Burden says it all
Look past or look through
Choosing lightens now
Burden says it all
I hear the fan whirr
Air of life never still
Swirling around me
Answers are temporary
Hi all – This is an experiment to see if I can post some old talks that I have given. This is one I did at the C.G. Jung Institute of LA a few years ago. Let me know if anyone is interested in such stuff as I do have more!
F is for Fair
“It’s not fair!”
Can you recall when you first began to use that phrase? I place mine somewhere around age 8. The awareness that life was unfair was my version of getting kicked out of my own Garden of Eden, my own loss of innocence. I’m sure there were many losses in my life prior to age 8, but this clear and righteous articulation is one of the great truths of human experience and marked a coming of age for me.
I remember a story I heard years ago about a child who comes home from Sunday School with a drawing. His mother was used to this as they often drew pictures of Bible stories, but she couldn’t figure this one out as it showed a big car with two people in the back seat as someone drives them through a massive gate. When asked about this the child said, “Oh, that is the Angel of the Lord driving Adam and Eve out of the Garden of Eden.” I have often had the fantasy that the dialogue in the back seat of that vehicle included various versions of, “It’s not fair!”, along with a lot of mutual recrimination as to whose fault the whole thing was, but that’s another story.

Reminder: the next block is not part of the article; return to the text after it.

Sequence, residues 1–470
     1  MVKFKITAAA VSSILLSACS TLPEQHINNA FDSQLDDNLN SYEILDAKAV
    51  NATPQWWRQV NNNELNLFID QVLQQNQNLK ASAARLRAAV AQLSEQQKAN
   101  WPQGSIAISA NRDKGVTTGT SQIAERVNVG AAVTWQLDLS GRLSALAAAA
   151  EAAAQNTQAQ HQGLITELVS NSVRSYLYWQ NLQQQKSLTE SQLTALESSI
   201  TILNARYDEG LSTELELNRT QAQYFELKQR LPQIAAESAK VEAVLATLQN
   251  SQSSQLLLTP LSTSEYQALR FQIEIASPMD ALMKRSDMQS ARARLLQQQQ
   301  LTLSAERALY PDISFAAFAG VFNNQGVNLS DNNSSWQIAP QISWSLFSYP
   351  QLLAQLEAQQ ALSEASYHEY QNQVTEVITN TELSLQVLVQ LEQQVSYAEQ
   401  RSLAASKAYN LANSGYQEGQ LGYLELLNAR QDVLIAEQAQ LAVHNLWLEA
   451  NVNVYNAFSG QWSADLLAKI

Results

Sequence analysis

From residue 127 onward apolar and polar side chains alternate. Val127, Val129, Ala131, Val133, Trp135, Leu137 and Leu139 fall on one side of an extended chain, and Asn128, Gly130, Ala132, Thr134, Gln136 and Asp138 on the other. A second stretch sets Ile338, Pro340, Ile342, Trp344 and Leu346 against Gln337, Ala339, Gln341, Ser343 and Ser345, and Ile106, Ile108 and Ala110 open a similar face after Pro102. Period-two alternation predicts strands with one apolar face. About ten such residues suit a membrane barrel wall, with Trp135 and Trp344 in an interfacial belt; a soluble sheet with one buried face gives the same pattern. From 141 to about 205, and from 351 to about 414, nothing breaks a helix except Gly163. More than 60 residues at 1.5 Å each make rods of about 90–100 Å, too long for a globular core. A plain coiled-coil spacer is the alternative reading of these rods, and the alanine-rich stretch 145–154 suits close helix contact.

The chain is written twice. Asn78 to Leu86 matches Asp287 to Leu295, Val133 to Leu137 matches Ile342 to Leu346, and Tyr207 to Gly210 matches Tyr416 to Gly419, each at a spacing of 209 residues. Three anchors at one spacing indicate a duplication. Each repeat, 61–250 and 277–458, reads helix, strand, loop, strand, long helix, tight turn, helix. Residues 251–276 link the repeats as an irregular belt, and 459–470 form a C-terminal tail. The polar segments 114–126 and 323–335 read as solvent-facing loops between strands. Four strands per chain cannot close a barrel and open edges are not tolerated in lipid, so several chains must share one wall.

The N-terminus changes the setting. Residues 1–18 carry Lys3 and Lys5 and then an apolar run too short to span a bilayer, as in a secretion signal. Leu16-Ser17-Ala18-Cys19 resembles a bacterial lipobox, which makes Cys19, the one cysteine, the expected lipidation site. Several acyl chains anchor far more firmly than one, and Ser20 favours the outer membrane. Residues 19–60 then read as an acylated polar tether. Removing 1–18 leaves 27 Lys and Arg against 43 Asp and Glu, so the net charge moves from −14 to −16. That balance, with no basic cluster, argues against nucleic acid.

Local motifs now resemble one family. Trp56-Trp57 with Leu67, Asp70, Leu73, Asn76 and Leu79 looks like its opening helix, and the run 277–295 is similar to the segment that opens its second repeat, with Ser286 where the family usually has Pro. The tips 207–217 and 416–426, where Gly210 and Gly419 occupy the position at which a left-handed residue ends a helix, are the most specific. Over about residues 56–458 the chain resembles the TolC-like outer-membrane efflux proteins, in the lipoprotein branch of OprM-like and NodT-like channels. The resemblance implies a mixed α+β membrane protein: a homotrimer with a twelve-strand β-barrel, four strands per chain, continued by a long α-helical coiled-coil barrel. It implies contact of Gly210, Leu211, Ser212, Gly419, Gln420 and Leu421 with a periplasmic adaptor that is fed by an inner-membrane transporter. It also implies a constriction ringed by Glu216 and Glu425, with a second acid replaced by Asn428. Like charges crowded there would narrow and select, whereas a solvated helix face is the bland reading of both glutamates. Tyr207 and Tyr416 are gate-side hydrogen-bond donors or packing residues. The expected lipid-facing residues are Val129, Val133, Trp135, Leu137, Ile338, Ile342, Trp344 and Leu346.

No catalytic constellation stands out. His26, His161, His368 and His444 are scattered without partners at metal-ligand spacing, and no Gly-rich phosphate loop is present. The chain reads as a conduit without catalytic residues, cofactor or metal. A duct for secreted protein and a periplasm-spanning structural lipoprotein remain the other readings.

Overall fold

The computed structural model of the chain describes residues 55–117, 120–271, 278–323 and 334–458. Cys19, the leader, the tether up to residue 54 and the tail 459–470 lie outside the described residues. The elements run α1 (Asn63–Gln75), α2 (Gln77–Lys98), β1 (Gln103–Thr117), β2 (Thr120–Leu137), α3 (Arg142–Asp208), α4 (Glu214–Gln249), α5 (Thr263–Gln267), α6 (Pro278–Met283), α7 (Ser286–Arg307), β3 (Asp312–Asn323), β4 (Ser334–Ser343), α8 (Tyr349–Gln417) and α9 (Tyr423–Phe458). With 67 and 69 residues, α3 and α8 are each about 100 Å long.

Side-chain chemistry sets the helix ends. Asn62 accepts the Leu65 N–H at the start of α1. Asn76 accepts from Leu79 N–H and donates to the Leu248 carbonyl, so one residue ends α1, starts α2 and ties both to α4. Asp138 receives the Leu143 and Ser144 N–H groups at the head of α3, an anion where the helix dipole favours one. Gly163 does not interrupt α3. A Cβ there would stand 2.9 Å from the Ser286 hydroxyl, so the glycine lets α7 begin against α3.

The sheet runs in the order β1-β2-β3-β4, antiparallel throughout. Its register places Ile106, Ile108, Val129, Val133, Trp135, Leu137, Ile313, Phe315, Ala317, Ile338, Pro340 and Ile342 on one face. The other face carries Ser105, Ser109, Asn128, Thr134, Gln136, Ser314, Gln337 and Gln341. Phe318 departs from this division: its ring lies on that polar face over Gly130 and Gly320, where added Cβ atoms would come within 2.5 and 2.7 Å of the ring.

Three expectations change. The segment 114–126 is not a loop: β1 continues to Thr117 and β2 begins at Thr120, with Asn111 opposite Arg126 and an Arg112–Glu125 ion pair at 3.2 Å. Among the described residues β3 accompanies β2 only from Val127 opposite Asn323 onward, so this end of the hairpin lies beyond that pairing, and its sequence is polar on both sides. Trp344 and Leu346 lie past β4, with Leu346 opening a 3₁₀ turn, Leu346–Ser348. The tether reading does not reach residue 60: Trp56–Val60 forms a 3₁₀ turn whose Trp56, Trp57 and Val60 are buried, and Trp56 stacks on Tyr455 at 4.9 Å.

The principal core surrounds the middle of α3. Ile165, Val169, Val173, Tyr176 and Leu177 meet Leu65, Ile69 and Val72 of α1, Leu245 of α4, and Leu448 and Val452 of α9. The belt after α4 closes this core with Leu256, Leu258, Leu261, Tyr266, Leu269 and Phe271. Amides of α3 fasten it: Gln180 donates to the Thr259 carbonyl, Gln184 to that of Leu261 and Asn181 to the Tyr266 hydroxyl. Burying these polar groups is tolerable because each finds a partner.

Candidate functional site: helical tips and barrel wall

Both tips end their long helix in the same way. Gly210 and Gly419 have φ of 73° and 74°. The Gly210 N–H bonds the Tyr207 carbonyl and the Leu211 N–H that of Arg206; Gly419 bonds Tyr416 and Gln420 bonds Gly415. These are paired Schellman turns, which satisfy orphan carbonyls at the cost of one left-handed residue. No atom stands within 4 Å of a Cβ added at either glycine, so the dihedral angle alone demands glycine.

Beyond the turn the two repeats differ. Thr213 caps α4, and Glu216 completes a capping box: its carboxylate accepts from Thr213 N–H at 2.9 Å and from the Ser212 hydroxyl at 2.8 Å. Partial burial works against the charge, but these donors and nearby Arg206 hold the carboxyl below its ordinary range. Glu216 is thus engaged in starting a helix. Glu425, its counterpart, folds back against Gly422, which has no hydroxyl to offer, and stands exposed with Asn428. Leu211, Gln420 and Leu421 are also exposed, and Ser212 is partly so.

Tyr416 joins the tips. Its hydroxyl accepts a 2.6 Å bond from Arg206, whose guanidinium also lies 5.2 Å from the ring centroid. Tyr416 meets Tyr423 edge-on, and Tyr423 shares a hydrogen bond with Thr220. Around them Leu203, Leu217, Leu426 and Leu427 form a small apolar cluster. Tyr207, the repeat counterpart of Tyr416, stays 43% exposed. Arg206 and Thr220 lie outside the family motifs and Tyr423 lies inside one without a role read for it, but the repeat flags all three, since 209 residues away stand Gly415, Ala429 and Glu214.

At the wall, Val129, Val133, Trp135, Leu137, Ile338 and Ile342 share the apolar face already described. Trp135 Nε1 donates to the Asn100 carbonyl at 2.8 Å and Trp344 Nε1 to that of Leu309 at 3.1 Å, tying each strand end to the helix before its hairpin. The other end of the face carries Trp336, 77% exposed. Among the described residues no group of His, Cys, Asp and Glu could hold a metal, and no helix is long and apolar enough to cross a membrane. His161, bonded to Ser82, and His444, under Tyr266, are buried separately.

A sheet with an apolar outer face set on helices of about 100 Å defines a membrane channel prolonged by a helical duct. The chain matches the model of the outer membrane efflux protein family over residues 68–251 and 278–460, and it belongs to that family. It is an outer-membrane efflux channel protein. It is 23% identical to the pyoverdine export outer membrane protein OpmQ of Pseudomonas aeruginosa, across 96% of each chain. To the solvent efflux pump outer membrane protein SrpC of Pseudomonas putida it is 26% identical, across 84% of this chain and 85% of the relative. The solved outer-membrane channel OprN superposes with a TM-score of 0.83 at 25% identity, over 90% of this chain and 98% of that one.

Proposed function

Now, many years later I have a question for the 8 year old me: “What did you expect?” In hindsight I suppose it was simply that if one knew and played by the rules there would be a predictable and acceptable outcome. I think this is when I discovered the First Noble Truth of Buddhism: There is suffering. Not liking this fact I did what Jack Kornfield describes as “going to war with the way things are.” I kept trying to storm the gates of Eden. In the process I conveniently forgot the part of the story where God puts an angel with a flaming sword at the gate to prevent such delusional and ineffective regressions.